Agape World president Nicholas Cosmo and several employees used investor money to fund a lavish lifestyle with fancy houses, expensive cars, jewelry, vacations and home improvements, a new federal lawsuit says.
The complaint filed Tuesday in U.S. District Court in Central Islip - the first lawsuit to emerge from what federal prosecutors say was a $380 million con - also suggests a broader scam than previously reported.
In addition to fooling investors into believing they were investing in bridge loans, the suit says Cosmo and employees of his Hauppauge-based company persuaded some to move retirement funds into Agape IRA accounts and also set up a bogus investment insurance program to make investors feel more secure.
"This was a criminal enterprise set up solely for the purposes of stealing money," said Bohemia attorney Joseph Campolo.
Prosecutors say Cosmo of Lake Grove, who is being held on a mail fraud charge as his lawyer negotiates bail, lost most of the investors' funds in commodities trading or funneling them to other investors. A spokesman for the U.S. attorney's office in the Eastern District of New York declined to comment on the IRAs and insurance program.
Campolo's clients - mother and son Janet and Scott Heaney of Garden City, husband and wife Jean and Curt Matzinger of North Babylon, mother and daughter Janis and Farrah Silverstein of Melville and Darlene A. Wilson of Columbus, N.C. - invested between $12,000 and $95,000 each. They are seeking more than $1 million in damages under the Racketeer Influenced and Corrupt Organizations Act.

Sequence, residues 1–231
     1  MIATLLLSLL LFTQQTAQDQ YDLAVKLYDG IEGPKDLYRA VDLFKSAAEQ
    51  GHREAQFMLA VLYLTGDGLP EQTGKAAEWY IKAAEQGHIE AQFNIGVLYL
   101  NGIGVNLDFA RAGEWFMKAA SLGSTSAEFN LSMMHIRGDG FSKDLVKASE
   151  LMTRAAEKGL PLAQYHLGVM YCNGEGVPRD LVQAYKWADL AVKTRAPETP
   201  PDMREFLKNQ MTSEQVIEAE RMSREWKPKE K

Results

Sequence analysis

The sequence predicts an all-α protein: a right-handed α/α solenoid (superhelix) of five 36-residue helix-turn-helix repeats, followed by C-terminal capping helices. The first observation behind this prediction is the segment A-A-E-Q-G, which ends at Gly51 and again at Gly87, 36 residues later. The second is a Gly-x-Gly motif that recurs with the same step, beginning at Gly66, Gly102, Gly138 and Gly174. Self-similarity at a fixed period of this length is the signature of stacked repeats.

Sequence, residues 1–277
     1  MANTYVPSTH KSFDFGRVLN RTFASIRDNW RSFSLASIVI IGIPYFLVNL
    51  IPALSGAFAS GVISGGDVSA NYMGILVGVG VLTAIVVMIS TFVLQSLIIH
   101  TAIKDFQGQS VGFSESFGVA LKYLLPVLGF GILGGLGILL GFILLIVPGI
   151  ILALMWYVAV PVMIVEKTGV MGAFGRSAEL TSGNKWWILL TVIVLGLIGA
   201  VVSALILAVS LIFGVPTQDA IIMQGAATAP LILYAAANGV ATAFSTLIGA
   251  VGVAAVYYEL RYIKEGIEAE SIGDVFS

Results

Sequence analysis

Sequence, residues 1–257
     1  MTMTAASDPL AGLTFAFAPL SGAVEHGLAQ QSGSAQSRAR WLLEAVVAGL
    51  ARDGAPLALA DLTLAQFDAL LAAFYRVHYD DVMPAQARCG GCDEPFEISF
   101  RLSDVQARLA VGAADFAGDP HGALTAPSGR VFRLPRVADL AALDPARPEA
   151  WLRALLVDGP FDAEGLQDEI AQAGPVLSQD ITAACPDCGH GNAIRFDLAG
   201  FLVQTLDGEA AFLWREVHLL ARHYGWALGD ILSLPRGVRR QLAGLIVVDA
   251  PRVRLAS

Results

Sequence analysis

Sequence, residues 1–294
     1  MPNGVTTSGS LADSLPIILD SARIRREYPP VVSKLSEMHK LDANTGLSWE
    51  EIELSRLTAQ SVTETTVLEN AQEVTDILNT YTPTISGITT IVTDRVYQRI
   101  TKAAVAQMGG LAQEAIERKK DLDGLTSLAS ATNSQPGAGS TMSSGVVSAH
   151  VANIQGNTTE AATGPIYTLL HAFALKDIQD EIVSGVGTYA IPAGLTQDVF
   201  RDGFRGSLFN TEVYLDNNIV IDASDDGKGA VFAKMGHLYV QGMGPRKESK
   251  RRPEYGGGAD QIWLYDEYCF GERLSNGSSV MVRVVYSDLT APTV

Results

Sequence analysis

Legal experts said it's unlikely the plaintiffs will collect on a judgment. They will be competing to seize Agape-related funds with prosecutors and a bankruptcy trustee overseeing the liquidation of the company.
The suit doesn't list the luxurious items allegedly purchased with Agape money by Cosmo and other defendants, including brokers Jason Keryc, Sebastian Tauz, Hugo Arias, David Petry, Martin Hartmann and Anthony Massaro.
But Department of Motor Vehicle and land records show Keryc, 31, of Long Beach, purchased a $2.7-million Montauk house in 2008 and owns a 2008 Bentley Continental and a 2008 Cadillac Escalade; Tauz, 31, of Huntington, has a 2006 Lamborghini and started hip-hop label Cet-It-Off Records; and Arias, 39, of Maspeth, owns a 2008 Bentley Continental and several New York City properties.
The suit says Cosmo spent money on jewelry, hotel rooms and limousine fares as well as a youth sports league in Seaford.
An attorney for Cosmo declined to comment. Massaro's attorney did not return a phone call. Keryc and Hartmann did not respond to phone messages. Attempts to reach Tauz, Petry and Arias were unsuccessful.